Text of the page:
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Protection of Journalists' Sources and Materials

July 20, 2012

The following is the advice offered by the National Union of Journalists (NUJ) to all journalists who are covering the Olympic Games which are due to start in London on 27 July 2012.

A. Under the Police and Criminal Evidence Act 1984 (PACE), a journalist is entitled not to voluntarily hand over journalistic material that the Police request and can require the Police to seek a Court Order from a Judge which should be on Notice.

"Journalistic material" means material acquired or created for the purpose of journalism, if it is in possession of a person who acquired or created it for the purposes of journalism.

Although PACE does not apply in Scotland, the same protections under the Human Rights Act and the European Convention on Human Rights operate.

A journalist can similarly decline to hand over journalistic material under counter terrorism legislation.

B. The Police will in some instances seek to obtain material, such as photographs, video footage, notebooks and contact lists from journalists. Not only is it an accepted fundamental journalist ethic, but also is recognised in UK legislation and case law, and in the European Court of Human Rights that the Police should seek a Court Order if the journalist objects.

Issues may then arise as to Excluded Material, Special Procedure Material and for example, is the material likely to be of substantial value to the Police investigation, what other efforts have Police made to obtain the material, is the material confidential, is it necessary - and not just convenient or expedient. - in the public interest for the Court to make an Order.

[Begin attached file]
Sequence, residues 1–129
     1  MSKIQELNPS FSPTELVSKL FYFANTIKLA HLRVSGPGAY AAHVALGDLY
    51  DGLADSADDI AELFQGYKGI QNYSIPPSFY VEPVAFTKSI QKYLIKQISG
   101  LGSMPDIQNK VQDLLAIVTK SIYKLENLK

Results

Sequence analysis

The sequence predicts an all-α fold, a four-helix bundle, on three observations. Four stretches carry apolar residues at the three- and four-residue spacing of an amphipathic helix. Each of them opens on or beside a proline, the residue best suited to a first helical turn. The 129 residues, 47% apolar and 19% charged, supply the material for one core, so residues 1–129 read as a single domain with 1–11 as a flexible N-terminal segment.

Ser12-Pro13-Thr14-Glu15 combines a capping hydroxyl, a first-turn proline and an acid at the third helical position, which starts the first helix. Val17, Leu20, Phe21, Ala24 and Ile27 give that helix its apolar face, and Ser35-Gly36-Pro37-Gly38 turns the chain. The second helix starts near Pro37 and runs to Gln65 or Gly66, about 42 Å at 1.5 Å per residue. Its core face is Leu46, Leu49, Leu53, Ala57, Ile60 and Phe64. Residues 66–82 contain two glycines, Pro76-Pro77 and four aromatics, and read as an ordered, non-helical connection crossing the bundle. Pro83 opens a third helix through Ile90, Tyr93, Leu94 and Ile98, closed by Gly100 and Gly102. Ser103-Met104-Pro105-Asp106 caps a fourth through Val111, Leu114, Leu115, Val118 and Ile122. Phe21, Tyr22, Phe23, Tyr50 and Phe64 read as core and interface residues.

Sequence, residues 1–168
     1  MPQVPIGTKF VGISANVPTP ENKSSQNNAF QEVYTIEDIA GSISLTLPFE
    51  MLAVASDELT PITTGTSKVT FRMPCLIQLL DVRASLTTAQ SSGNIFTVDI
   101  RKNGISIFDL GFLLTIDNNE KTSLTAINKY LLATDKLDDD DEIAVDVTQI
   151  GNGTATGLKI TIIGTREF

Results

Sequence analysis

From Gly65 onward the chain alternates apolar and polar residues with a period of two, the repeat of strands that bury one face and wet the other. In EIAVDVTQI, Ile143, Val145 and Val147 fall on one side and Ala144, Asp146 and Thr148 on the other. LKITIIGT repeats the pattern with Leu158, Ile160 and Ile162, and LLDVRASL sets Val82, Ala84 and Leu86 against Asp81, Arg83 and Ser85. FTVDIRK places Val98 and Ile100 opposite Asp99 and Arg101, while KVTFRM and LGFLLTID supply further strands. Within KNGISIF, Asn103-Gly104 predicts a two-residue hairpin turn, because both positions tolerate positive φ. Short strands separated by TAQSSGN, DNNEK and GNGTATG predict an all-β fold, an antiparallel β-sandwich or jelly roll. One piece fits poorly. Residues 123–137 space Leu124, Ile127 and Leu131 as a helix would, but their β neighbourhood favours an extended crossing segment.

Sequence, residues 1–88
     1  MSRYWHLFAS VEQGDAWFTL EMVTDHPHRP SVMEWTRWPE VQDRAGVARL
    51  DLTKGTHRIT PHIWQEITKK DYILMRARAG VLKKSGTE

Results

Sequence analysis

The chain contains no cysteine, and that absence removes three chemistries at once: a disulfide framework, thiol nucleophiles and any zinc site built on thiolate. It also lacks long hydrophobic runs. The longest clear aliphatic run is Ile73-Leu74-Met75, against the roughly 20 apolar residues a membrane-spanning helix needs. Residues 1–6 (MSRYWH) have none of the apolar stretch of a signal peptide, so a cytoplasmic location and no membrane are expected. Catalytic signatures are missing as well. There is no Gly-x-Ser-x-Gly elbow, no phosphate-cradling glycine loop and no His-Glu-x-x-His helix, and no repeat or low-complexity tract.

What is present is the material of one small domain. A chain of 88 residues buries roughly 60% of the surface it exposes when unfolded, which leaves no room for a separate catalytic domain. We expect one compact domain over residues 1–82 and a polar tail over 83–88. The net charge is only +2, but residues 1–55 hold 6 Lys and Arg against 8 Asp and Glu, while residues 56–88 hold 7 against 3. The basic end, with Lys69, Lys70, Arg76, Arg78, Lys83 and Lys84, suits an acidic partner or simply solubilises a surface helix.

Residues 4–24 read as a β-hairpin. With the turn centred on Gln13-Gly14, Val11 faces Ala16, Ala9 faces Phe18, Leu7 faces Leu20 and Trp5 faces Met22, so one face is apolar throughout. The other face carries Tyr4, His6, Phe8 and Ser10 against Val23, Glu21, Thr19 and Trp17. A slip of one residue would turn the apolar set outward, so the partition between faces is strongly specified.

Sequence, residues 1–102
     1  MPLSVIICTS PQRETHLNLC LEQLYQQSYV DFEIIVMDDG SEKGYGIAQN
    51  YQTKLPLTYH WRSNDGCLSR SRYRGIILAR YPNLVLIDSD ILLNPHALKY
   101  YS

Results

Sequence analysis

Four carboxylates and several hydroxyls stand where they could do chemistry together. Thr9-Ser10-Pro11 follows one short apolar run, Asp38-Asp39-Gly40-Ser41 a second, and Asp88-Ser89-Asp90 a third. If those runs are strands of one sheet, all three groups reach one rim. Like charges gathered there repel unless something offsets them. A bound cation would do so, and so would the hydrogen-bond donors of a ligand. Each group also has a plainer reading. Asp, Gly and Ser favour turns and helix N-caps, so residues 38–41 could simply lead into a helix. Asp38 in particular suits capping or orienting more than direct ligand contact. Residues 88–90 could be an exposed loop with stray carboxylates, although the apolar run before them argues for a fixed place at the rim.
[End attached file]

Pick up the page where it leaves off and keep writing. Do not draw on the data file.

The European Convention on Human Rights, Article 10, Freedom of Expression is engaged. The European Court of Human Rights has recognised that "to be justified, any curtailment of freedom of expression must be convincingly established by a compelling countervailing consideration, and the means employed must be proportionate." (Reynolds v Times Newspapers).

"The press has a duty to impart information and ideas on all matters of public interest and the public has a corresponding right to receive that information..... The press carries out its vital role of "Public Watchdog." (Observer & Guardian v UK).

"Otherwise, to the public disadvantage, legitimate inquiry, discussion and the ‘safety valve' of investigative journalism.....would be discouraged and perhaps stifled." (R (Bright) v Central Criminal Court).
Article 2, Right to Life may also be engaged . "There is also public interest in the press being able to go about the activity in safety." (R v Bristol Crown Court ex p Bristol Press Agency Ltd).

"The requisite review (by a Judge) should be carried out by a body separate from the Executive and other interested parties to determine whether a requirement in the public interest overriding the principle of protection of journalistic sources exists PRIOR to the handing over of the said material to prevent unnecessary access to information capable of disclosing the source's identity." (Sanoma Uitgevers BV v The Netherlands).

C. ARRESTED? Contact the Emergency Legal Advice numbers below:


Thompsons: 0800 587 7530
Bindmans: +44 (0) 20 7833 4433

D. AND Inform NUJ Legal Department as soon as possible as any court hearing may be at very short notice. We can then contact you regarding further advice and representation.

+44 (0) 20 7843 3704

Roy Mincoff
Legal Officer
National Union of Journalists
Headland House, 308-312 Gray's Inn Road, London, WC1X 8DP

For more information contact:
Roy Mincoff
Legal Officer
National Union of Journalists
Phone: +44 (0) 20 7843 3704

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